It was over the summer of 2020, as hundreds of thousands of protesters took to the streets following the murder of George Floyd—and too many other Black men, women, and youths—that Harry E. Johnson Sr. knew it was time. Time to hand off the movement to a new generation.
“We were in Houston last summer, and my daughter and my two sons, they ask me, ‘Hey dad, there's a march going on downtown. Are you going?’ And I told them, ‘No, I'm not going, but you all should go,’” said Johnson Sr., president and CEO of the MLK Memorial Foundation.
He told his children: “Look, I have been there, done that. This is about you all taking the baton and moving it forward.” But to hand off that baton, they needed to be ready.
That is where his idea—the Memorial Foundation's Social Justice Fellows Program—was born. The fellowship is a free, virtual series of lectures, mentorships, and one-on-one meetings with some of today’s leading voices on social justice including Alicia Garza, Bakari Sellers, Angela Rye, and Roland S. Martin among others. Over the eight-week program, 50 fellows, ages 18 to 35, will focus on advocacy, community organizing, and public policy. They will also just soak in and learn from the experience and everyone assembled.
Amazon Web Services (AWS) is supporting the Memorial Foundation's Social Justice Fellows Program by providing participants with free training and certification in cloud and STEM training. AWS is also providing mentorship opportunities—which is where you come in.
Johnson Sr. is looking for people around the world to bring their commitment, ideas, and energy to push forward the fight for social justice. In every place. For everyone.
We can't change the whole world, but we can help influence 50 people at a time each year. And then 50 more, and they reach out to another 100, and another thousand, and it grows from there. And then we have change, then we have social justice, not for some, but for everyone.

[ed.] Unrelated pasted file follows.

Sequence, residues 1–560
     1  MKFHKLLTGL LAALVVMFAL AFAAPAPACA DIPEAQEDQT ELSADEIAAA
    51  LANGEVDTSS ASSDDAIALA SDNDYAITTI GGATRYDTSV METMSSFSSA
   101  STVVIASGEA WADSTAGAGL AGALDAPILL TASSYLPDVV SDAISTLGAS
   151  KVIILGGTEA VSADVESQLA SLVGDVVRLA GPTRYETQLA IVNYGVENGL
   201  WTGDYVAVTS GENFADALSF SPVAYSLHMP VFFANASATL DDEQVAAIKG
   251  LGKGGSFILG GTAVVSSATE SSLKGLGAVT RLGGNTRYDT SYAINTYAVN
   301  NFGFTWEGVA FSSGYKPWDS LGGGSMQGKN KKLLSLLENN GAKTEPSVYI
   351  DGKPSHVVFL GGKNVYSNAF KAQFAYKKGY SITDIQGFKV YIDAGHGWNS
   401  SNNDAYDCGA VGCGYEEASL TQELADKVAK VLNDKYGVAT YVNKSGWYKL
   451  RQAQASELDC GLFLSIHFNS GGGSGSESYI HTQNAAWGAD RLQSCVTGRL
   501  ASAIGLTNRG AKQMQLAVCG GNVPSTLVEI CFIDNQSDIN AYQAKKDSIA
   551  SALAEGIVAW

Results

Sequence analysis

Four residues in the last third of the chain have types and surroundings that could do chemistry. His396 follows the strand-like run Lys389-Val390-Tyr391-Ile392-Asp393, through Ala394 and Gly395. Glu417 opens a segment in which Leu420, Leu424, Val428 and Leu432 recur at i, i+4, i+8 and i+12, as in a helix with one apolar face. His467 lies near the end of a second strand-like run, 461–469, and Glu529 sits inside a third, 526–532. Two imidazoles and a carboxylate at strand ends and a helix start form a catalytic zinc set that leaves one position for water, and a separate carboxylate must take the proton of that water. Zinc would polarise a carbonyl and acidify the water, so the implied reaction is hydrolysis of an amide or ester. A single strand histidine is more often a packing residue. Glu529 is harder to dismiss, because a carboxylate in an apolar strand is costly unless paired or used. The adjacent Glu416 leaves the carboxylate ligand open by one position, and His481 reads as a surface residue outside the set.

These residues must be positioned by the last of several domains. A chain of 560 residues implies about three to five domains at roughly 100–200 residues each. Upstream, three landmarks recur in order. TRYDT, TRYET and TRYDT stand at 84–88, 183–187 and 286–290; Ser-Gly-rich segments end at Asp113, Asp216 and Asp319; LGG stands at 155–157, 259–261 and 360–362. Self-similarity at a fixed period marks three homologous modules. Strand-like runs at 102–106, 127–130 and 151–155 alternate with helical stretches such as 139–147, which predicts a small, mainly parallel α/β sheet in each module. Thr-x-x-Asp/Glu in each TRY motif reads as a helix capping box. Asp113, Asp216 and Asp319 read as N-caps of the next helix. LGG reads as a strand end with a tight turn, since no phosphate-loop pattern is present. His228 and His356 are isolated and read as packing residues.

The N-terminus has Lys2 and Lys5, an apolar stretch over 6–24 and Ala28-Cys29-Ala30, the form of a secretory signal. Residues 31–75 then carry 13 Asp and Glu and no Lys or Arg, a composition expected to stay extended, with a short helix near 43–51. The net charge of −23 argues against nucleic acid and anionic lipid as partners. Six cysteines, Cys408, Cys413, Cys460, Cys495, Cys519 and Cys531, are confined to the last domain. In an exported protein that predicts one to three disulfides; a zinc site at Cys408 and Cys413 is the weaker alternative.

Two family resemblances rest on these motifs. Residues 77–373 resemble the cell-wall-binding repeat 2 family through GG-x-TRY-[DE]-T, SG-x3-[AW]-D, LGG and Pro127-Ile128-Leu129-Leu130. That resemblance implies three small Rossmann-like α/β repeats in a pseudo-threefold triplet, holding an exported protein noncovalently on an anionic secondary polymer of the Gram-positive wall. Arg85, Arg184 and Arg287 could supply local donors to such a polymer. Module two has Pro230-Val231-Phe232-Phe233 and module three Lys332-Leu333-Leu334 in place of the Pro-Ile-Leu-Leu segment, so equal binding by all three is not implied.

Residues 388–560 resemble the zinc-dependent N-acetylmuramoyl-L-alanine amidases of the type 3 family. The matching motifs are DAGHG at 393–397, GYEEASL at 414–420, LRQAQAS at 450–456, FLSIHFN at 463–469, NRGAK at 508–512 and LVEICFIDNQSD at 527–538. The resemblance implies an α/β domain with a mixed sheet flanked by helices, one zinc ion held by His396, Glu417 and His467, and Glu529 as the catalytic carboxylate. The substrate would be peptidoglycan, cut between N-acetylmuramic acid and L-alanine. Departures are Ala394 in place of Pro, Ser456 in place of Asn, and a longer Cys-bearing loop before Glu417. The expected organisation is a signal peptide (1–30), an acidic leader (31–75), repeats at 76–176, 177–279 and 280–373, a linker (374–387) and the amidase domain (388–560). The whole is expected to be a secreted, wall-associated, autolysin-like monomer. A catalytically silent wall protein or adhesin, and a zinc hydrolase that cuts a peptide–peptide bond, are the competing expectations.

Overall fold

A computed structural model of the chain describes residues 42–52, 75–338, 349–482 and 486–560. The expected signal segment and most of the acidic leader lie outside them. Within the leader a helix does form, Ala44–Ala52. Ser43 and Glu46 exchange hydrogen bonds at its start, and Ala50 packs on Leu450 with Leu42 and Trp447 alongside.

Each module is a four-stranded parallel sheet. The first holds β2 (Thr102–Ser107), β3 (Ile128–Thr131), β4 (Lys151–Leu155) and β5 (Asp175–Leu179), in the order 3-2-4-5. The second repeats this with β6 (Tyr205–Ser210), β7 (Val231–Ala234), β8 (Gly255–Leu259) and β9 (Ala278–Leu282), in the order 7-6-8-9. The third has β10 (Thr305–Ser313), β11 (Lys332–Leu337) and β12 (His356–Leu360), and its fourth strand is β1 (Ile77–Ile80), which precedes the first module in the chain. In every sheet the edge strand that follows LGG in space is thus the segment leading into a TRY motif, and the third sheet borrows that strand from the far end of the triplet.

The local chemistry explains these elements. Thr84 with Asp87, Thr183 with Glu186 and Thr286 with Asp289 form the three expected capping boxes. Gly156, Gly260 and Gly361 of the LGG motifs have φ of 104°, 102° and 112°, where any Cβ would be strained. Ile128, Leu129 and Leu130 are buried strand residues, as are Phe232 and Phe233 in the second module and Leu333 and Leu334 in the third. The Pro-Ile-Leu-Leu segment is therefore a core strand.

“We want to talk to young energetic leaders,” Johnson Sr. said. “Whether they led a march, whether they work for a corporation, whether they work for a nonprofit, whether they're in ministry, or they're in college.
“We love the fact that you protest. We love the fact that you carried signs and that you marched, but how do you take that protest and turn it into policy? How do you actually take whatever you believe needs to be changed, and make that change? How do you take it from your community, to the state level, the federal level, and around the world?”
How do you do it? Start by applying for the fellowship.
“For me, social justice is simple,” said Johnson Sr. “It’s like my mother used to say, you treat people the way you want to be treated. If you do that, you're not going to look down upon anybody.”
And you're going to make sure that everybody is treated fairly. That you give everybody a fair shot. No one is beneath you. You are my equal, whether in politics, in the workplace, in a restaurant, whatever the context, I'm not going to treat you any other way, he said.
“Are we going to change the world with 50 people? No, we can't change the whole world, but we can help influence 50 people at a time each year. And then 50 more, and they reach out to another 100, and another thousand, and it grows from there. And then we have change, then we have social justice, not for some, but for everyone.”
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